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Monday, April 8, 2019

Curative power of the court allows a will to be probated even though it contains an error

All wills must comply with the formal signing requirements set down in the provincial wills law. A will that has an error or missing words is called non-compliant with the legislation and normally cannot and will not be accepted by the probate court as a valid will.

However, some provinces have laws that allow a judge to fix a will that has defects in the signing or witnessing that might otherwise cause the will to be invalid. These laws are known as curative provisions. In a province with this type of legislation, you can send a will to probate even if it has a mistake on the basis that the will is substantially compliant on the law. In other words, you're saying that even though the will isn't perfect, it should still be admitted to probate.

Your point would be that the will is substantially or mostly compliant except for one element. You would be claiming that the missing date or the signature in the wrong place or the mixed-up numbering of paragraphs was simply a logistical error that should not impact a will that otherwise contains the wishes and instructions of the deceased. The idea behind it is to do everything possible to give effect to the deceased's wishes.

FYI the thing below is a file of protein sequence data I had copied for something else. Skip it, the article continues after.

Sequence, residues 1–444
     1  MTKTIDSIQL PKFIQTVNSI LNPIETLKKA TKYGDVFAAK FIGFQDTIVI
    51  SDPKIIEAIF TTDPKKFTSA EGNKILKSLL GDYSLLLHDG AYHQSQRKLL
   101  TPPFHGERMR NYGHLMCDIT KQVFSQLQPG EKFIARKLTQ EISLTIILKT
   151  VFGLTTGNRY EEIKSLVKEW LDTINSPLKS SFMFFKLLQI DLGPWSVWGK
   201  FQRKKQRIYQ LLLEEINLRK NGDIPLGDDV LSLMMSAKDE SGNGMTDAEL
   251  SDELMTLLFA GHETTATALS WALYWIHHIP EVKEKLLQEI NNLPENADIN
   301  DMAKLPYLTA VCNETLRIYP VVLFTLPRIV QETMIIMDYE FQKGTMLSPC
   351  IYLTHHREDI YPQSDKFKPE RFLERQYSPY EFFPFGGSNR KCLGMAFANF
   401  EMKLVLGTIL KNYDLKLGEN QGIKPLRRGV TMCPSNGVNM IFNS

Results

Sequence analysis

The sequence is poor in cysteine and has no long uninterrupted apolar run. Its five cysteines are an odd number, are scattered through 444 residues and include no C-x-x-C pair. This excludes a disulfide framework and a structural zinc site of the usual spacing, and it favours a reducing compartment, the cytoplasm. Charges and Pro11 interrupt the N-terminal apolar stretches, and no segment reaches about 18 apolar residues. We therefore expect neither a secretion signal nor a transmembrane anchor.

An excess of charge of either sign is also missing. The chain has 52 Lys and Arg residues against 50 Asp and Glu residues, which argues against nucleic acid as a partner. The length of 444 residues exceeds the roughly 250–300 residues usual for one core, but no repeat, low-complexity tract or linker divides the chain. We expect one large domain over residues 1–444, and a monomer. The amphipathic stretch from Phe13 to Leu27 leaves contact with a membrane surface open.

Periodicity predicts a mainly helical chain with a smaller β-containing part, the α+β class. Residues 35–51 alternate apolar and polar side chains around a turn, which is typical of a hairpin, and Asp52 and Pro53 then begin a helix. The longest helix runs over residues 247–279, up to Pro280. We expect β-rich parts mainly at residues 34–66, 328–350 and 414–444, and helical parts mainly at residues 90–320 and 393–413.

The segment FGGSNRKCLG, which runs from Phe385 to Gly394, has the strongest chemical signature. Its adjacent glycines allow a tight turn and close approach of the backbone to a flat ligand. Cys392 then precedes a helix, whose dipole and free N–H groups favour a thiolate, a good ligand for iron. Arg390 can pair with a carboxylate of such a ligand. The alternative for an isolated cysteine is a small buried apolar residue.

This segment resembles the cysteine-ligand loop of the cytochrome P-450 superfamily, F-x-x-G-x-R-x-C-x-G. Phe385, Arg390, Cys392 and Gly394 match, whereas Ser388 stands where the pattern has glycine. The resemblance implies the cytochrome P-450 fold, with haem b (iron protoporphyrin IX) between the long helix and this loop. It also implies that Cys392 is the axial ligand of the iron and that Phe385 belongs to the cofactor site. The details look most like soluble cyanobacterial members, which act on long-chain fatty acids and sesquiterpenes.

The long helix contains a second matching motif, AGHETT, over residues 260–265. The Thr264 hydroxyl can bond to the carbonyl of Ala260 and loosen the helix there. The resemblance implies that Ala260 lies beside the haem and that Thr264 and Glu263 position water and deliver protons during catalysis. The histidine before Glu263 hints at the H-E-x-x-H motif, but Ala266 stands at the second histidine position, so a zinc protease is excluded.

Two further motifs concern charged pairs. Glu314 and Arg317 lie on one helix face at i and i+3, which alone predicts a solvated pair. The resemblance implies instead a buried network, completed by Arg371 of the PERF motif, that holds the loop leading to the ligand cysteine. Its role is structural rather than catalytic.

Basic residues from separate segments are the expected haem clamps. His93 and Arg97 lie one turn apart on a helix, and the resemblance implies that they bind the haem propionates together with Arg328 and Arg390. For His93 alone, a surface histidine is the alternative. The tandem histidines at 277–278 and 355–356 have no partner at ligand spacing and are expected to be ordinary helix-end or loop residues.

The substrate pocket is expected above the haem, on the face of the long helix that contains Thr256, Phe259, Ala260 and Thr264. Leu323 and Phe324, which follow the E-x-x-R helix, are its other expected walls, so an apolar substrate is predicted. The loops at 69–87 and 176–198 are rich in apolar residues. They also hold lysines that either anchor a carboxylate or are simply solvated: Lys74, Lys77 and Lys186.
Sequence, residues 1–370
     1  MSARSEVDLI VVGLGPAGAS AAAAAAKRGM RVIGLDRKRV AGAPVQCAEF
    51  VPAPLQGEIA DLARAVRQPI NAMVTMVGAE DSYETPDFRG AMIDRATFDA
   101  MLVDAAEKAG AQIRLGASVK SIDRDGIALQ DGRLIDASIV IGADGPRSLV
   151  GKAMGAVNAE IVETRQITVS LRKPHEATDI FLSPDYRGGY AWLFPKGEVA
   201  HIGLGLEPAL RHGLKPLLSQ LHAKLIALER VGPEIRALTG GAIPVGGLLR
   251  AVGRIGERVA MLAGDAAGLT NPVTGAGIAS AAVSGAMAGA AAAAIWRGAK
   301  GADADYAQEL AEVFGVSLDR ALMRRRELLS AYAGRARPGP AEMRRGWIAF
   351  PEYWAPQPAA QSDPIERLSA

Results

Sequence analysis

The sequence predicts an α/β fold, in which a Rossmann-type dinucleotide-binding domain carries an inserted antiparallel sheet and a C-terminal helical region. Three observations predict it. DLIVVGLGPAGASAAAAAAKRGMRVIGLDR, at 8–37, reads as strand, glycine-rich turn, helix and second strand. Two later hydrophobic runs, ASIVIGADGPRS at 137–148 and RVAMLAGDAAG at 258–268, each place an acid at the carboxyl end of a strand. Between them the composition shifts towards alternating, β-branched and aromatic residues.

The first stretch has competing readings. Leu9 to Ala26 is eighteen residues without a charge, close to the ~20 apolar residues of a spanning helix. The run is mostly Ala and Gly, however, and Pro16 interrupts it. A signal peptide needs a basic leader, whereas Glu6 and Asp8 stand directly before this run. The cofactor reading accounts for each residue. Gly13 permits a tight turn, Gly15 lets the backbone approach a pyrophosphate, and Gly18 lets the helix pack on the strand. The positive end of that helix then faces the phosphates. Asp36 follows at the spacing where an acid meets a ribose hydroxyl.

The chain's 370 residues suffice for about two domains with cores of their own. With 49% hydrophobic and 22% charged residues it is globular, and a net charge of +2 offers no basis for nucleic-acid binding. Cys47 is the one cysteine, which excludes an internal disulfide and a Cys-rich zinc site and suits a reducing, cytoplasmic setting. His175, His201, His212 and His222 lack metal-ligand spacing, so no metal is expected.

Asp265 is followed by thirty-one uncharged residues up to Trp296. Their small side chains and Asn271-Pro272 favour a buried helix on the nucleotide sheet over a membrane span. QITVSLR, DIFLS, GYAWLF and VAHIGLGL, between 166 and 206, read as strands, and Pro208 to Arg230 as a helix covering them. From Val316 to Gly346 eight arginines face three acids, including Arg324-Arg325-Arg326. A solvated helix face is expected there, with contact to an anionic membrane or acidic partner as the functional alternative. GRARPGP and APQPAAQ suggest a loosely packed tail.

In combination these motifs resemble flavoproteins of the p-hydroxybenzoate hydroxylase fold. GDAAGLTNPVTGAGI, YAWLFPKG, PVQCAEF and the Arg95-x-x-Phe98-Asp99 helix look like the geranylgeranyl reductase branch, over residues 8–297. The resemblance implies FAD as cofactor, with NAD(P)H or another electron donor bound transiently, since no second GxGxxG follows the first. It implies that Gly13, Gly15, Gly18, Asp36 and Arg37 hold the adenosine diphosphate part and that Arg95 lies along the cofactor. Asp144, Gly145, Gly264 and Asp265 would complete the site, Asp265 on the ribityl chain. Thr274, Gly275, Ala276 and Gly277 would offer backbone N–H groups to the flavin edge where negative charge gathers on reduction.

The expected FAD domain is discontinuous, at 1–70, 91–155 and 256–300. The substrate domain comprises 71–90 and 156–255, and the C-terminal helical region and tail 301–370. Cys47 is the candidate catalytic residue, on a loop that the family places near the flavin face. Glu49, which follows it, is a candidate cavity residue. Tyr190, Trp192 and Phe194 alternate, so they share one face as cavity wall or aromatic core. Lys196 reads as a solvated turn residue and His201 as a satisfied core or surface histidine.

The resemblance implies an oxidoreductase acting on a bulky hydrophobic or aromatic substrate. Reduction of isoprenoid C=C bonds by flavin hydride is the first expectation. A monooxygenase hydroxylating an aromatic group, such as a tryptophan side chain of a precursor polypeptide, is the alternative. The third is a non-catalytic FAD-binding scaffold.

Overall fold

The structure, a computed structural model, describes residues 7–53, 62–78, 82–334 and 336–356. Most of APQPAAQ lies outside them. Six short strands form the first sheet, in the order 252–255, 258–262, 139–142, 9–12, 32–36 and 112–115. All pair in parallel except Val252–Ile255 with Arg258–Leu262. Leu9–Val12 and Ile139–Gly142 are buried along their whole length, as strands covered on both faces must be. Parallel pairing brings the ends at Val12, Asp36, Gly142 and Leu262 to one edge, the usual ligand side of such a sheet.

As with any court application, you cannot get what you want just by asking for it. You have to prove your case. Wills can be held to be valid even though they don't strictly comply if there is clear evidence that the testator meant the document to be his or her will and that the document contains the testator's intentions. Whether you are attacking the will or defending it, you must consider what evidence exists of what the testator intended.

When you are asking the court to use the curative provisions, the nature of the mistake is important. Was it simply a typo made by a secretary that nobody noticed at the time? Was a wrong name put into the document? Was a line or word left out? Some mistakes are considered worse than others. In Canada, the courts have fixed mistakes such as those mentioned in this paragraph, but so far they have refused to declare unsigned wills as being valid.

The purpose of the curative legislation is to ensure that a will does not fail and all of a testator's plans collapse because of a technical mistake.

The provinces and territories that have curative provisions are AB, BC, MB, NB, NS, NU, PEI and YK.

This post is excerpted from my book Contesting a Will Without a Lawyer: The DIY Guide for Canadians, which you can get in print or e-book by clicking here.

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